“When thinking about the value of the data a company collects vs. the traditional value of theproduct it may produce, collecting and analyzing broad categories of customer + product data is becoming equally — if not more — valuable than the product itself,” writes Ken Oestreich, The Fountainhead Blog via GigaOM.
Data is more valuable than the product itself.
How true this is when you consider that Symantec has found that “digital information now makes up 49 percent of organization’s total value.” Almost half of a company’s value lies in the information they store. That is astounding when you consider that, according to a recent presentation by Seagate’s Jeff Burke, “Data is artificial because it is created by machines, in and of itself is meaningless & not worth saving, but it is the basis for information & knowledge.”
Data is the 21st century gold rush.
When you think about the original California Gold Rush (1848–1855), the news of gold brought some 300,000 people to California from the rest of the United States and abroad. According to Wikipedia, “At first, the gold nuggets could be picked up off the ground. Later, gold was recovered from streams and riverbeds using simple techniques, such as panning. More sophisticated methods were developed and later adopted elsewhere. At its peak, technological advances reached a point where significant financing was required, increasing the proportion of gold companies to individual miners.”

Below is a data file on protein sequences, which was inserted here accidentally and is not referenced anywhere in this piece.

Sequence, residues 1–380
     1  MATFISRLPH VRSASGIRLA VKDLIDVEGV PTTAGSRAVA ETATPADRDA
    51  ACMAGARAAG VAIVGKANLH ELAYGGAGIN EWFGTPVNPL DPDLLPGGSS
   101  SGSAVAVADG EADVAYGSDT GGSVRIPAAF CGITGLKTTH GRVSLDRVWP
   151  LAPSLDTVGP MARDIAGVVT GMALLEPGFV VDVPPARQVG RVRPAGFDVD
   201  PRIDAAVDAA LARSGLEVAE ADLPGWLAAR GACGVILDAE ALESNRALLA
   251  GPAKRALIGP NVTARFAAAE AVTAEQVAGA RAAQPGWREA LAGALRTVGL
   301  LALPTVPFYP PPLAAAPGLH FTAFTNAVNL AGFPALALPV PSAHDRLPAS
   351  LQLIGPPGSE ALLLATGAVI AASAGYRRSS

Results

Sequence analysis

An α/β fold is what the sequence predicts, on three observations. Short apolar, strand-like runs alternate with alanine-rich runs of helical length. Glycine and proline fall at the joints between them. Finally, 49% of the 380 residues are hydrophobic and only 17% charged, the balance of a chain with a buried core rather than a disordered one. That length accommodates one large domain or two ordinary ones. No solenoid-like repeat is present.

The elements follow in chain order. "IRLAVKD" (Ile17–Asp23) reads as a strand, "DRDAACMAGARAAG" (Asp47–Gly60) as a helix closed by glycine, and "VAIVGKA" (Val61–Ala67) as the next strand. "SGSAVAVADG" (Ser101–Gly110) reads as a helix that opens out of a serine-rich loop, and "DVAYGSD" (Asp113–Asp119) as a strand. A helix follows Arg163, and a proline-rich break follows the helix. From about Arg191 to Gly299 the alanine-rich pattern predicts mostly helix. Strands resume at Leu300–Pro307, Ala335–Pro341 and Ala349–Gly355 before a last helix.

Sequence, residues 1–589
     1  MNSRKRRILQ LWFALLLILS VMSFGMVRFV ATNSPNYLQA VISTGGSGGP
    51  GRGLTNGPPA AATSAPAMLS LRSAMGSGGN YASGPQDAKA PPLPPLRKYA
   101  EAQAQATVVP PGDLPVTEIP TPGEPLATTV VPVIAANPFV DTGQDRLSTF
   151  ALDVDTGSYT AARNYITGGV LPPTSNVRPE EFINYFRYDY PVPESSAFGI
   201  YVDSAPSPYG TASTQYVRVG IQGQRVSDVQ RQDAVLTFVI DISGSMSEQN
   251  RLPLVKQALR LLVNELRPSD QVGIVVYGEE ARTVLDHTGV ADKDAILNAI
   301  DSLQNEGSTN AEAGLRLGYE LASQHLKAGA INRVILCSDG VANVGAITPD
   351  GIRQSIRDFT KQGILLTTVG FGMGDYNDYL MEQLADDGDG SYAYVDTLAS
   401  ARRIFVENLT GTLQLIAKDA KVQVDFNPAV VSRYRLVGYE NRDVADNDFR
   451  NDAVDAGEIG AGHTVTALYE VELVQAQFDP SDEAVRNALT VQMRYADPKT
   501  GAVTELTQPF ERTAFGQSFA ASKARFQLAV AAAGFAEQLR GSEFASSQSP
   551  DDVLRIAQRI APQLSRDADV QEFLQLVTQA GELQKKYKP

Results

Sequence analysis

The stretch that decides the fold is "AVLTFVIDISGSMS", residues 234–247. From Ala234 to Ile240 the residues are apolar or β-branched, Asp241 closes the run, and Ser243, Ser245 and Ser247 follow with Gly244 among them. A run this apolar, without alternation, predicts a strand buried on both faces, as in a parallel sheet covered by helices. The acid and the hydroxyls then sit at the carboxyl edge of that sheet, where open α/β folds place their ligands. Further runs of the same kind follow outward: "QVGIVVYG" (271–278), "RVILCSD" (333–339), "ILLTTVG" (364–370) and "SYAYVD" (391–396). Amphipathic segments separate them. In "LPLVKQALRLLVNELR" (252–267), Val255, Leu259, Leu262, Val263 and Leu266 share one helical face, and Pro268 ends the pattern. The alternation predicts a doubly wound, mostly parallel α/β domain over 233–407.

Sound familiar? It kind of sounds like where we are heading relative to Big Data.
The effects of The Gold Rush on the state of California were tremendous. The population grew, infrastructure was built, new methods of transportation were deployed. The Gold Rush was the “platform” that led to the creation of the entire state of California. The same effect could be seen with data. Ken Oestreich writes in The Fountainhead post, “This accretion of value around large data sets – particularly alongside an external ecosystem – is analogous to what we’re familiar with in the product world: The Platform. Indeed, we may find that entirely new business models based on data platforms may arise from legacy product companies.”
The key term here – Data Platforms – new and exciting applications of data that drive new technological advancements, infrastructure build-out (compute & storage), and methods of transporting the data (networking).
Funny how history does tend to repeat itself.